As a boy growing up in eastern Iowa, I savored the word dwell, which I heard on many a Sunday morning. I will dwell in the house of the Lord forever, I intoned with the rest of the congregation, not quite understanding the context but reassured by the general idea. The word was pleasant to pronounce. It made a pleasing sound.
Only later did I learn that dwell bears a negative connotation. “Don’t dwell on it,” I was advised, in the aftermath of some abrasive encounter. “She didn’t mean to hurt your feelings.” Used in that fashion, dwell meant to brood, to worry, to concentrate unhealthily on some slight or insult or perceived injustice. Nowadays, for good or ill, many people use the verb obsess to describe the same habit of mind. “Don’t obsess about it,” we might advise a person who can’t stop talking about a personal dilemma, or can’t let go of a painful experience, as though that person had a choice, or our well-intentioned counsel might be helpful.
According to Zen teachings, we do have a choice, but if we wish to exercise that choice, we have first to distinguish between obsessive dwelling and sustained contemplation. Zen master Thich Nhat Hanh encourages meditative practitioners to stop and “look deeply” into the present moment. By dwelling, in this constructive way, on immediate realities, we can lessen the suffering that our hurried, egocentric, and often erroneous perceptions inflict on ourselves and others. Intuiting that the rude young woman who has just offended you may herself be a victim of abuse or neglect, or that the man whose arrogance you find so annoying might be chronically insecure–such insights, the fruits of “looking deeply,” can awaken our innate wisdom and compassion. By the same token, dwelling on a sacred text or a meditative slogan can illuminate one’s present condition.
Obsessive rumination is quite another thing. The practice of contemplation is associated with such wholesome states of mind as openness, empathy, mindfulness, and concentration. By contrast, rumination is most often driven by unwholesome states, among them fear, anger, envy, and greed. In the Theravadan Buddhist tradition, practitioners learn to recognize the mental states of craving, aversion, and ignorance–the “three poisons” of classic Buddhist teachings–by observing the effects of those states on their minds and bodies. Craving creates a sense of grasping and contraction, aversion a sensation of pushing away. Ignorance engenders a feeling of running in circles, endlessly and uselessly. If you are susceptible, as I am, to obsessive thinking, you may have experienced all of these sensations, as you grasped for a solution to a difficult problem, pushed away suggested remedies, and felt your mind revolving in familiar grooves of thought.
So far as I know, there is no simple cure for compulsive thinking. It is less an ailment than a temperamental condition. Help may be found, however, in a practice from the Vipassana (“Insight”) meditative tradition. Known as “noting” or “labeling,” this practice consists of naming whatever process is occurring in our minds at any given moment. Becoming aware that we are thinking in abstractions, rather than being present for our immediate surroundings, we note: thinking, thinking. Realizing that we are thinking, relentlessly and needlessly, about the future, we might label our activity what-if, what-if. Observing ourselves in the act of remembering–or reliving–an experience, we back away far enough to label that process: remembering, remembering. As we become more practiced in this method, we can learn to sense the feeling beneath or around the obsessive thought: the emotional subtext that is causing us to worry or plan or lose ourselves in the past. Beneath incessant planning, for example, we might detect unrecognized fear or ungratified desire or a deep-seated need for control.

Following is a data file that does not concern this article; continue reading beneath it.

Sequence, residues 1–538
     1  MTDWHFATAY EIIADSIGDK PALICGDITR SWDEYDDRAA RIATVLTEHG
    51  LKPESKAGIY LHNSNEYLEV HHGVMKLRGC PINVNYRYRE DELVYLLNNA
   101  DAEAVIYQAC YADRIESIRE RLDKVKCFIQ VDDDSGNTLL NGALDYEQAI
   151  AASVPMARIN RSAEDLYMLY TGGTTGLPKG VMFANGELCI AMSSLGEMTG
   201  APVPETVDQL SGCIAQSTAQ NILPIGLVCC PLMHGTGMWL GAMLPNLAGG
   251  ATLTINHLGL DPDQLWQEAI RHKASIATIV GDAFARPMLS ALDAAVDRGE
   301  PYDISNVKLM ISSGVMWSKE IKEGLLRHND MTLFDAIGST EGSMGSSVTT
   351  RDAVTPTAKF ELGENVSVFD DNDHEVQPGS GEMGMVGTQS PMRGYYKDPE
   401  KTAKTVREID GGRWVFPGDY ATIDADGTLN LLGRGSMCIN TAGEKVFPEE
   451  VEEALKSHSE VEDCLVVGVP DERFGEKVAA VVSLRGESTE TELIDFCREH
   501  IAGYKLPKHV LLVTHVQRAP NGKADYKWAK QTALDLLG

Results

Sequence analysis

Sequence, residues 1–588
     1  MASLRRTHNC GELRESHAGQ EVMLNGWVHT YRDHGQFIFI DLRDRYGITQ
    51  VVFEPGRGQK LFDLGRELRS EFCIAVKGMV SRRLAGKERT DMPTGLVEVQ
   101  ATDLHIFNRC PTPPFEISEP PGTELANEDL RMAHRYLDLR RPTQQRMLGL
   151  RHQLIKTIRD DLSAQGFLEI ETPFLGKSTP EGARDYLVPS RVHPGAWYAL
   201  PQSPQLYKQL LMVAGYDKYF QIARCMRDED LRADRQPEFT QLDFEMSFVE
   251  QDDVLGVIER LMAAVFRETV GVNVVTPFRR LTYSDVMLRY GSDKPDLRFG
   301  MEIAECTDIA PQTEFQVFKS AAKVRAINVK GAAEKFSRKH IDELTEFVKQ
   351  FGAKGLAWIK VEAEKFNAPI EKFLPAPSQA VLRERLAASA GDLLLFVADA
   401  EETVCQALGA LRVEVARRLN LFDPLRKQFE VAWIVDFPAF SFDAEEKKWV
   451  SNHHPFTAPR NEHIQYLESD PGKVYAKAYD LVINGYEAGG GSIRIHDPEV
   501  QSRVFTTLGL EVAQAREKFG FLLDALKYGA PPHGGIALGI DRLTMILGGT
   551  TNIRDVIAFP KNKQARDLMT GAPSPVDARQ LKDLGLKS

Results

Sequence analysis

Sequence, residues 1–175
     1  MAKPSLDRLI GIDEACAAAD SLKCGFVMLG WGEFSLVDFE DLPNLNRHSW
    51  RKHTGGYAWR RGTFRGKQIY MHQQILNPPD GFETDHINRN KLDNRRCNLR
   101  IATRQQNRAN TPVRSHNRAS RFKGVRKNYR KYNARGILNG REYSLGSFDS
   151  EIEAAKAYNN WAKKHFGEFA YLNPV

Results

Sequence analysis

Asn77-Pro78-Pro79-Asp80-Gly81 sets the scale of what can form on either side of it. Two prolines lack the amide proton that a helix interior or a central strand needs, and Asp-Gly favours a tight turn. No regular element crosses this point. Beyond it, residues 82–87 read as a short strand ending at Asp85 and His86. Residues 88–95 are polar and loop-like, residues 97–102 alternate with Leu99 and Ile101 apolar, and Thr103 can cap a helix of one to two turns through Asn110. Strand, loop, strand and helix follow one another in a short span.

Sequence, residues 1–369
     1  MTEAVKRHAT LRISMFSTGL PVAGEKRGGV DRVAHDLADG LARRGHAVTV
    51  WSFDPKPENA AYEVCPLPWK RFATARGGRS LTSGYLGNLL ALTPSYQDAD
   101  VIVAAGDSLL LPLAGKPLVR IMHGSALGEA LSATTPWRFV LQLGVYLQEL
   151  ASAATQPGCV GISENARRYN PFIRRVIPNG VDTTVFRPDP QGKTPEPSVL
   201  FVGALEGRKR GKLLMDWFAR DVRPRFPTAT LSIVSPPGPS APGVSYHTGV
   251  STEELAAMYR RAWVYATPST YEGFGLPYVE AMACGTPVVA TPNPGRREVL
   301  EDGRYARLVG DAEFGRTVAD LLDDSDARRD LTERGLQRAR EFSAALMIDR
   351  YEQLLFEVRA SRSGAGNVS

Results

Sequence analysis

The practice of noting can generate liberating insights. It can reacquaint us with our own minds. Its most immediate benefit, however, is a furlough from the prison of obsessive thought. This can happen within a matter of minutes. And over time, Zen teachings promise, the practice can transform the most anxious cast of mind into what the Diamond Sutra calls “a mind that alights nowhere”: that no longer clings to its objects of attention. Released from habitual patterns of thought and feeling, we can elect to dwell (in the wholesome sense) on an object of interest, giving that object our wholehearted regard. Conversely, we can merely note what is occurring, within and around us, whether it be a pang of grief or a memory from childhood or the bark of a neighbor’s dog. Moving at will between these modes of knowing, we can enlist the one that best serves our highest intentions, our immediate circumstances, and our present state of mind. And that way freedom lies.
“Surely goodness and mercy shall follow me all the days of my life, and I will dwell in the house of the Lord forever” (Psalm 23:6).
“All Bodhisattvas should develop a pure, lucid mind that doesn’t depend on sight, sound, touch, flavor, smell or any thought that arises in it. A Bodhisattva should develop a mind that alights nowhere. The mind should be kept independent of any thoughts that arise within it. If the mind depends upon anything, it has no sure haven.” (The Diamond Sutra, 14).
Photo: “Mittelmeer. Südfrankreich,” by Spacebirdy